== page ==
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Mountain News: Aspen left in the dust

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But Doesken, reports the Crested Butte News, seemed to indicate that the theoretical causes aren't iron-clad. With the global economic recession, emissions of carbon dioxide due to burning of fossil fuels might well be expected to be in decline, he noted. "But C02 continues to increase this year. I just got the results and (C02) is going up at the same rate as it was before the global recession," he said.

It's possible, he added, that there will be a lagged response in C02 emissions to the economic decline.

Doesken pointed out that one major mystery remains the role of water vapor, which is a far more effective greenhouse gas than C02. "The big question is what happens to water vapor?" he said.

"If a warmer atmosphere leads to more evaporation and more water vapor in the atmosphere - without increasing cloudiness - then that magnifies the greenhouse effect," he explained. "If the added moisture results in increasing thick clouds, then more solar energy is reflected back to space and the overall warming could be offset to some degree."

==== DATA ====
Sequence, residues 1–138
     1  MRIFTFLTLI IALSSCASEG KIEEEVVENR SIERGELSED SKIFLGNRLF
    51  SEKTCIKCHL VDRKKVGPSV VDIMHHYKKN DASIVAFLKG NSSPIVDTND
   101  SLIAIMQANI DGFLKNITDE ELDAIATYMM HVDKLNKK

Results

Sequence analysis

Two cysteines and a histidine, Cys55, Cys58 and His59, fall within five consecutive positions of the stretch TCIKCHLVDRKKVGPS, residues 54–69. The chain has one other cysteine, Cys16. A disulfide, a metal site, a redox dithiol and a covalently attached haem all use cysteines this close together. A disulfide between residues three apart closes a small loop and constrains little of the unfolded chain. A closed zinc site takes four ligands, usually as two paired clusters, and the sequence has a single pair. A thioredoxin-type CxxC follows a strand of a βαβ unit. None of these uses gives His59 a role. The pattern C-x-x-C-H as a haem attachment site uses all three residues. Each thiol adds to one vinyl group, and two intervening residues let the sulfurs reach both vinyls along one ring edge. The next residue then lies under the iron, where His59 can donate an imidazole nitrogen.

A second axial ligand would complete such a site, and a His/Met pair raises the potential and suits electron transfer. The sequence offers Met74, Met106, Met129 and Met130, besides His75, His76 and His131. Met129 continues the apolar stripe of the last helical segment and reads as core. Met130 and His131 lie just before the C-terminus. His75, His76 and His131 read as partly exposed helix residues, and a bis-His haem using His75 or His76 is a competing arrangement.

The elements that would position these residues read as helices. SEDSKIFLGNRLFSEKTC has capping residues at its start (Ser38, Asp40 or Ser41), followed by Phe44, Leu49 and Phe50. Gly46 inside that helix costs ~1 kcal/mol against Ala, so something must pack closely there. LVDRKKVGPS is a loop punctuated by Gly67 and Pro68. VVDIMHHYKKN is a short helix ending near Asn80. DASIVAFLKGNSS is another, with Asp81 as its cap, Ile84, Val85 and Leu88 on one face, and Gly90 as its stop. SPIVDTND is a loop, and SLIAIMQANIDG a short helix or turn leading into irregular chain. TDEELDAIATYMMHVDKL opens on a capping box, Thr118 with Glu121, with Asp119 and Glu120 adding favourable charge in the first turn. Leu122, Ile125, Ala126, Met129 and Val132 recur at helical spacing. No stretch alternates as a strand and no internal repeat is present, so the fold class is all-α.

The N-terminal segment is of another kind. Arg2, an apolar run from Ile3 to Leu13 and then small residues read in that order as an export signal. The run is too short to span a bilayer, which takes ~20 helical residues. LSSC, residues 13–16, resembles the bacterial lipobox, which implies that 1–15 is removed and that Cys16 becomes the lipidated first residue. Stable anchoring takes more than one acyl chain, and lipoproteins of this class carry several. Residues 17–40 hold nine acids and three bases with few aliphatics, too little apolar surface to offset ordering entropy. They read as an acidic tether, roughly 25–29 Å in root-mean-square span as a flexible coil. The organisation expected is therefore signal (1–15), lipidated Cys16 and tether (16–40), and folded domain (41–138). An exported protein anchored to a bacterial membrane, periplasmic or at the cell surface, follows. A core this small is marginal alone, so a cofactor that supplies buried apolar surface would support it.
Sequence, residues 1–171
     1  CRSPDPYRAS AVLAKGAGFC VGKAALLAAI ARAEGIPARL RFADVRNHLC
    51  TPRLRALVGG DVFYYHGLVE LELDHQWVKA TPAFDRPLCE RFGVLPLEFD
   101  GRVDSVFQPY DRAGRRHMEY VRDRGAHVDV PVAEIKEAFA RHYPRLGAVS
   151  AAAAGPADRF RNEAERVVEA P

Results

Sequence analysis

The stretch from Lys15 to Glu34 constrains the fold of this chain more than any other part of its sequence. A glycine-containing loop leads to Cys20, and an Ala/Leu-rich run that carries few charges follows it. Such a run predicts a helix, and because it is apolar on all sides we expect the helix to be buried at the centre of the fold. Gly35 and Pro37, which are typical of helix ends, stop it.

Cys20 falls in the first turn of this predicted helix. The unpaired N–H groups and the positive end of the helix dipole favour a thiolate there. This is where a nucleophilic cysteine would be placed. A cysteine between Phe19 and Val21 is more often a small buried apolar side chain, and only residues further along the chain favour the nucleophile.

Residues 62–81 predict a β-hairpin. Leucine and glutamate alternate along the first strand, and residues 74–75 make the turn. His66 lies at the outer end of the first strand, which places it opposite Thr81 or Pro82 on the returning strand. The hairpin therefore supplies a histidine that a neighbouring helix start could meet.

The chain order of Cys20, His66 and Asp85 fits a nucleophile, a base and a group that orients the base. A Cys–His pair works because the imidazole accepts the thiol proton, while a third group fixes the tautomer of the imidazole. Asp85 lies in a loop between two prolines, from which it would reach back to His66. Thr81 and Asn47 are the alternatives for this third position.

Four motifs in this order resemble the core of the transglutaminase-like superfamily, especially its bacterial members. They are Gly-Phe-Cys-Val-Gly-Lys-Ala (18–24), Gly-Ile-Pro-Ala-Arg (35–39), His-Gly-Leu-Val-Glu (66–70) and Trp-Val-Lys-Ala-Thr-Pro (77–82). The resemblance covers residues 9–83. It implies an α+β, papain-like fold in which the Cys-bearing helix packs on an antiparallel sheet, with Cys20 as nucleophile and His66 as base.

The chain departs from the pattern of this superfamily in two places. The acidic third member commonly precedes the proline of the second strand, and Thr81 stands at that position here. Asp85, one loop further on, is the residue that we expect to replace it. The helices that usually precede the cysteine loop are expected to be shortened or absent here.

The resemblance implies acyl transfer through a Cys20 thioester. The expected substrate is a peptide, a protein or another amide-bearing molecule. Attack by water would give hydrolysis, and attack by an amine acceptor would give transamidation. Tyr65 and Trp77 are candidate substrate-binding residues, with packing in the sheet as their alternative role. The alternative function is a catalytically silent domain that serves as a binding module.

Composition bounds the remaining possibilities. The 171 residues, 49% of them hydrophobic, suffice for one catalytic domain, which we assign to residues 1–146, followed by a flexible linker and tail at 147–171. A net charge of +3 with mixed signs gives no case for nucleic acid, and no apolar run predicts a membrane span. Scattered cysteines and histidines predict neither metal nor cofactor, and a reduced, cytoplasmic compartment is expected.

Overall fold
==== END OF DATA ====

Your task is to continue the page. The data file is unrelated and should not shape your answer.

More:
Mayor survives challenge

ASPEN, Colo. - Mick Ireland has been re-elected mayor of Aspen, narrowly defeating challenger Marilyn Marks. She interpreted the vote as a "huge voice for change," but Ireland saw the vote tally as a mandate to "stay with managing growth, not slowing it; creating affordable housing, protecting the environment; and building an economy that's stable."

The Aspen Times, in an editorial, indicated that the close vote was more an indictment of Ireland's style, not his substance. "He can be abrasive, even rude at times, but his record demonstrates an absolute focus on Aspen's health, as a resort and as a community. To us, Ireland's manners leave much to be desired, but his priorities as a public servant are never in doubt."

Dead trees raise fire spectre

EDWARDS, Colo. - Forest fires have been much on the minds of Colorado's mountain towns of late. Scientists point out that forests can always catch on fire, given certain thresholds of heat and drought. But seeing dead trees has a way of pointing out this obvious potential.

Those dead trees have been conspicuous, owing to an epidemic of mountain pine beetles now in its 13 th year. Nearly 2 million acres of lodgepole pine have been affected in Colorado and another 500,000 acres in contiguous areas of southern Wyoming.

Trees remain in their "red and dead" stage for three to four years after being attacked by bark beetles. After that, the needles fall off, exposing the gray trunks of dead trees. Those trees will take 15 to 20 years to blow down. Fire risk heightens both during the red-needle stage and again after the logs have fallen to the forest floor.

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